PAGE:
To keep up with such changes, we'll be conducting another survey later in the year. Stay tuned for those results.

How the survey was conducted and graded

The open-participation survey on which this story is based was conducted among readers of Computerworld's newsletters from May 13, 2013 to June 30, 2013, via an online link. Only the responses of those who indicated that they currently resided in the United States, had a smartphone and used a mobile data service were collected, for a total of 820 qualified responses.

Readers were asked to rate their providers according to eight categories: average upload speeds, average download speeds, availability of connection, reliability of connection, performance relative to cost, technical support, selection of phone models, and customer service/billing. For each category, readers were given five choices: very satisfied, satisfied, neither satisfied nor dissatisfied, dissatisfied and very dissatisfied.

There are two sets of numbers for each provider in each category. You can download a chart showing the raw percentages (download PDF) for the favorability for each provider in each category so that you can see in detail how readers rank each one. But raw numbers don't allow an easy means of comparison. So from those percentages, we calculated an overall number (on a five-point scale) for each provider in each category.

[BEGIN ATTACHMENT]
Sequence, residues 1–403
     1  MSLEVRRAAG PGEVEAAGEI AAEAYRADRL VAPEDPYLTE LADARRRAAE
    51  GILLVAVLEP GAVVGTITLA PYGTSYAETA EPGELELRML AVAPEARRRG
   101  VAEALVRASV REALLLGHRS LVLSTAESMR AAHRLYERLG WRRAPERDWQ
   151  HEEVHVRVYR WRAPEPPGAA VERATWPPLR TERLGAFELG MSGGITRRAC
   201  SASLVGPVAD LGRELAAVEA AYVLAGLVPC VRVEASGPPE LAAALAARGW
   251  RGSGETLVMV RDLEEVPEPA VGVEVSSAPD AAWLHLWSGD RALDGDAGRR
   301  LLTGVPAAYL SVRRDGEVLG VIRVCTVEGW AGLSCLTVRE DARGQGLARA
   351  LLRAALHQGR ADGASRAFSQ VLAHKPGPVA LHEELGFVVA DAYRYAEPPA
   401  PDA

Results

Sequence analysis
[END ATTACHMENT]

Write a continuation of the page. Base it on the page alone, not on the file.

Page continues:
To do that, we multiplied the number of very satisfied responses in each category for each provider by five, the number of satisfied responses by four, the number of neither satisfied nor dissatisfied responses by three, the number of dissatisfied responses by two, and the number of very dissatisfied responses by one.

We then totaled those numbers and divided the sum by the total number of responses for that provider to arrive at the rating number for that category for the service provider. The maximum rating is a five.

To arrive at the overall rankings, we averaged the ratings for each provider in all eight categories, again on a five-point scale.

This story, "The Votes Are In: Which Mobile Data Provider is Best?" was originally published by Computerworld.